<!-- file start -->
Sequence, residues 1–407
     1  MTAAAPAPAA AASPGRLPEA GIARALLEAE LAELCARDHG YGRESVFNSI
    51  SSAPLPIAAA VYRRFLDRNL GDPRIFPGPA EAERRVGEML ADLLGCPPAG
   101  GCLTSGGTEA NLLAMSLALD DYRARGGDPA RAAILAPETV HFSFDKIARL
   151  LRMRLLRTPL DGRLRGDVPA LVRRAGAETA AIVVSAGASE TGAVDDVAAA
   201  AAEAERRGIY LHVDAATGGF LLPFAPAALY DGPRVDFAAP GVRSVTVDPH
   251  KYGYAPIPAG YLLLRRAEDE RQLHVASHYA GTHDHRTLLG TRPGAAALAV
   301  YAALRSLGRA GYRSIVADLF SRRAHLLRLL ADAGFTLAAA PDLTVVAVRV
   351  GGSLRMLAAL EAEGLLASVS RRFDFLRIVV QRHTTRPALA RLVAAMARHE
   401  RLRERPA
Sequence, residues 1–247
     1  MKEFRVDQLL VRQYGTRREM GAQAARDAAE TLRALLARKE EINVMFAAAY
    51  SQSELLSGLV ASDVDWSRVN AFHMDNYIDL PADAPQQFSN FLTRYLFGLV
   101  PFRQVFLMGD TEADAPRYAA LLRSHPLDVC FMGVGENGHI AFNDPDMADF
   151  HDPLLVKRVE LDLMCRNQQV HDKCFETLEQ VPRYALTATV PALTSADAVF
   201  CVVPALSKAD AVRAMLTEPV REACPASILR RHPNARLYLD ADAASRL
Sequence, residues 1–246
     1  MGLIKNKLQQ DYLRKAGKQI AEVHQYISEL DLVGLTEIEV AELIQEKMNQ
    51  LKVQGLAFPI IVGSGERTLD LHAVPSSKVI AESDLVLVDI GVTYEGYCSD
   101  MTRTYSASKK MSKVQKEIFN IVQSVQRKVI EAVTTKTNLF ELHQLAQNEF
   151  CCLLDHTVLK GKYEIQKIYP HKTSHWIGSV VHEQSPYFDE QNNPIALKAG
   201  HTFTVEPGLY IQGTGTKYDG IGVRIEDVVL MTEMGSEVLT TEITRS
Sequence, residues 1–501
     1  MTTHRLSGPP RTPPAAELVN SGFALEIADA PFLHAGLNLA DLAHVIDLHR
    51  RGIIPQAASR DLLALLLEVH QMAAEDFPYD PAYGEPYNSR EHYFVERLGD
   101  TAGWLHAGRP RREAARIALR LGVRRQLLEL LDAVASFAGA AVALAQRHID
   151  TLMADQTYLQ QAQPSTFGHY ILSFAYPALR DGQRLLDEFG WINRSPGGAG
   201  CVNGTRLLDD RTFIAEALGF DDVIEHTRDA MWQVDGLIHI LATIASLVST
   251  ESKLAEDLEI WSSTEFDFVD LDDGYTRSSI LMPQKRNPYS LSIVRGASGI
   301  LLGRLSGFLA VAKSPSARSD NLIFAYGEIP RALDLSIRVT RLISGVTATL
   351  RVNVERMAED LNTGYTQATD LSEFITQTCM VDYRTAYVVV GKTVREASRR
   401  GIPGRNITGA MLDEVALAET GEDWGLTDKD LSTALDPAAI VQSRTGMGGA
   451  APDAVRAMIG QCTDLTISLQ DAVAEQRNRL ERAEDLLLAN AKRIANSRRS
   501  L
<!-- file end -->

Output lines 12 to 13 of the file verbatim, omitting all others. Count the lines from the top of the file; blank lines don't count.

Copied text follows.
     1  MKEFRVDQLL VRQYGTRREM GAQAARDAAE TLRALLARKE EINVMFAAAY
    51  SQSELLSGLV ASDVDWSRVN AFHMDNYIDL PADAPQQFSN FLTRYLFGLV